As Jacobs points out, in some instances those ‘60s ideals would certainly be elaborated upon and refined; the ecological and anti-nuclear movements of the ‘70s come to mind as examples of idealism transformed into positive action that resonate to this day. Other times, though, they were thankfully discredited and discarded: nowadays, in our gun-violence-drenched society, even the staunchest of former radicals would probably be loath to endorse the ethic of armed resistance originally espoused by both the Black and the White Panthers. (Hold that thought: in their infinite wisdom, survivalists and NRA-ers continue to resist any form of gun control whatsoever in the United States, even if it means that would-be terrorists will be able to get their hands on weapons as easily as weekend hunters. Maybe we need the Panthers as a kind of ad hoc militia to help hunt down those terrorists, hmm?)
And still others yielded improbable yet ultimately logical aesthetic and cultural alliances. Daydream Sunset discusses one such example which pretty much anyone reading BLURT will agree upon: Patti Smith, who came of age in the ‘60s and was deeply influenced by many of that era’s key artists, such as Dylan, the Dead and the Stones (along with, let us not forget, the Beats of the ‘50s), yet went on to become the acknowledged Godmother Of Punk. The existential tension between punks and hippies is well known, but Smith refused to genuflect exclusively before either camp, because the instinctively divined the very same cultural connections and through-lines that Jacobs now traces in his book’s narrative.
Daydream Sunset, then, is partly about the death of the hippie dream, sure, but it’s not residual sadness over or nostalgia for it that fuels Jacobs’ inquiry. Instead, he takes uses a host of ‘60s phenomena as jumping off points and follows their subsequent arcs and evolutions. The first chapter (“Them Changes”) succinctly summarizes the period bookended by the Jimi Hendrix/Band of Gypsys concert at the Fillmore East that opened the ‘70s and the punk and disco scenes that closed the decade. From there the book proceeds to look at sundry watershed moments and movements that arguably characterized the ‘70s as vividly as said hippie dream characterized the ‘60s. In “Test Me Test Me, Why Don’t You Arrest Me?” we learn about the rise and fall of the Black Panthers, George Jackson and Angela Davis, along with fellow combatants in arms the Symbionese Liberation Army and Patty Hearst, plus the radicalization of the American Indian Movement (AIM) and the anti-Vietnam war protesters in the cities and on the campuses. Elsewhere, the “Celebrating Independence?” chapter outlines how drugs and drug culture played a key part in the radical politics of the times, including the authorities’ strategy of using drug busts as a pretext for jailing radicals, Timothy Leary’s descent into irrelevance during his Algerian exile with the similarly-exiled Black Panther leader Eldridge Cleaver, and the rise of High Times magazine and its efforts to help mainstream marijuana use.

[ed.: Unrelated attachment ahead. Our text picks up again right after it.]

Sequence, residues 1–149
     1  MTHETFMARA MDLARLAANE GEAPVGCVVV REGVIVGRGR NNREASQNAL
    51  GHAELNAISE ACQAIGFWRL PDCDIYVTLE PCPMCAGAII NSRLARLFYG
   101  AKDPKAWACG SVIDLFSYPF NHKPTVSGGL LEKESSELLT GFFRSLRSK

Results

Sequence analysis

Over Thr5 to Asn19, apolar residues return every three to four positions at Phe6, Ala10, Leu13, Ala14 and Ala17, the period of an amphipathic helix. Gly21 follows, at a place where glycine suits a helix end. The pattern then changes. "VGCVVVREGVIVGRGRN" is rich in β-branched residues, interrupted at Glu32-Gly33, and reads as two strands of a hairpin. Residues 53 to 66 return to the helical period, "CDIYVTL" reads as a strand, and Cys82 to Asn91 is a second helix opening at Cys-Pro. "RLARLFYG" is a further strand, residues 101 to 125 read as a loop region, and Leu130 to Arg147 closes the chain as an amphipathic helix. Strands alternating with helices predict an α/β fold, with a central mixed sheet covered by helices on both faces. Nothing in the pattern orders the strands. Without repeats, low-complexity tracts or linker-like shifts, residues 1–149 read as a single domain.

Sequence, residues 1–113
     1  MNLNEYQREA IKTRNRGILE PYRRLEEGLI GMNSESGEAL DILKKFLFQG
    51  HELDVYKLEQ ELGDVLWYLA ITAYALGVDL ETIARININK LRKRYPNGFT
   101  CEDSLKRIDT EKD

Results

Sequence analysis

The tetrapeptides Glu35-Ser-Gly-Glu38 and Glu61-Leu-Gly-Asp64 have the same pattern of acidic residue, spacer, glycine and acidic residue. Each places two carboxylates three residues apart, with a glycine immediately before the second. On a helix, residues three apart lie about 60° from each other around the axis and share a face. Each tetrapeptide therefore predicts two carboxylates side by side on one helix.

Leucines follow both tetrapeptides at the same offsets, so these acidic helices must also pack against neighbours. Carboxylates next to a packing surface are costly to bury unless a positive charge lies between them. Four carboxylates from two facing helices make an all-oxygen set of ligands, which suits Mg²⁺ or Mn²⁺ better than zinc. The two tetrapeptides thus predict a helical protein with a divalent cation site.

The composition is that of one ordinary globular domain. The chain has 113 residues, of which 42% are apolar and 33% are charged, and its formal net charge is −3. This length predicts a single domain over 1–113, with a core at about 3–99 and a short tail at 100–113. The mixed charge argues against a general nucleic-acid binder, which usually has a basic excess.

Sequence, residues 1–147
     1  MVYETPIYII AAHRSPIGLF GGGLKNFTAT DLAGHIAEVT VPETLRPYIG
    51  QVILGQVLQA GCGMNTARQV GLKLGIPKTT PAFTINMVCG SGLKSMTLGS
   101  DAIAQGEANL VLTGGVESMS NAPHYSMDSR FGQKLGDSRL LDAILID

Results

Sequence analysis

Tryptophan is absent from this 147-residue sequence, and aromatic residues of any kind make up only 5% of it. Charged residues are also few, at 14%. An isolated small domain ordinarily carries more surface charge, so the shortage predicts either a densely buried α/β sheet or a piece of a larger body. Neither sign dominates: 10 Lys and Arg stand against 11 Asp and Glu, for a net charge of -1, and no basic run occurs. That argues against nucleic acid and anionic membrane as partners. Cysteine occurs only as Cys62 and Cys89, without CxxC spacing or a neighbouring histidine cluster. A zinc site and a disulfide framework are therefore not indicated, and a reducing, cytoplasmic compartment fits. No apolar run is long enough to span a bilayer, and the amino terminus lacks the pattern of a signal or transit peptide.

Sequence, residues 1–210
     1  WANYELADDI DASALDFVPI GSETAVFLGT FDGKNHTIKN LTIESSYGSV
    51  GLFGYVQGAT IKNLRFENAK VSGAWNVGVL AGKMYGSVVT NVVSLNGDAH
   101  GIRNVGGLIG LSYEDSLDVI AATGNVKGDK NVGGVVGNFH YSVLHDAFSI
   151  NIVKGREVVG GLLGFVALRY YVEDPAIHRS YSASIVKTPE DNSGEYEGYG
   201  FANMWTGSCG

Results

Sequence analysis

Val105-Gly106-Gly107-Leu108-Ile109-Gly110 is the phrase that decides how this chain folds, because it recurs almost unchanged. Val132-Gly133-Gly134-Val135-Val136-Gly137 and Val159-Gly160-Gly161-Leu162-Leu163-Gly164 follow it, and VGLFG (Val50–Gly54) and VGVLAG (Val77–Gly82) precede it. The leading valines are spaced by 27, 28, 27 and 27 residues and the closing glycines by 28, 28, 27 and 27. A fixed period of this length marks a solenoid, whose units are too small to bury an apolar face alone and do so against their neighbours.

Two of the best chapters are “Where All the Pigs Have Tails” and “Womyn Break the Bonds.” The former discusses the back-to-the-country movement among the counterculture and the prevalence of communes in rural areas of the country, and how those mini-societies adapted to some of the changes going on in the larger society; while the latter details the women’s movement in America during the ‘70s and how it paralleled as well as diverged from other such “rights” movements, rightly identifying the inherent sexism found not just in the broader culture but within the countercultural and music scenes as well. And, per my previous note about Patti Smith, the chapter “Punks and Glams” cites precedents for and overlapping aspects of the decade’s music scenes, additionally suggesting how punk’s sonic dissonance was inherently at odds with folk/psych’s mellower structures even though both the punks and the hippies had, ironically, similar roots in their respective spirits of opposition to the mainstream. (The segment on Jello Biafra and his disdain for hippie capitalists is also a lot of fun. Worth additional note: Jacobs names the Clash’s London Calling as the best album of the ‘70s—no argument there.)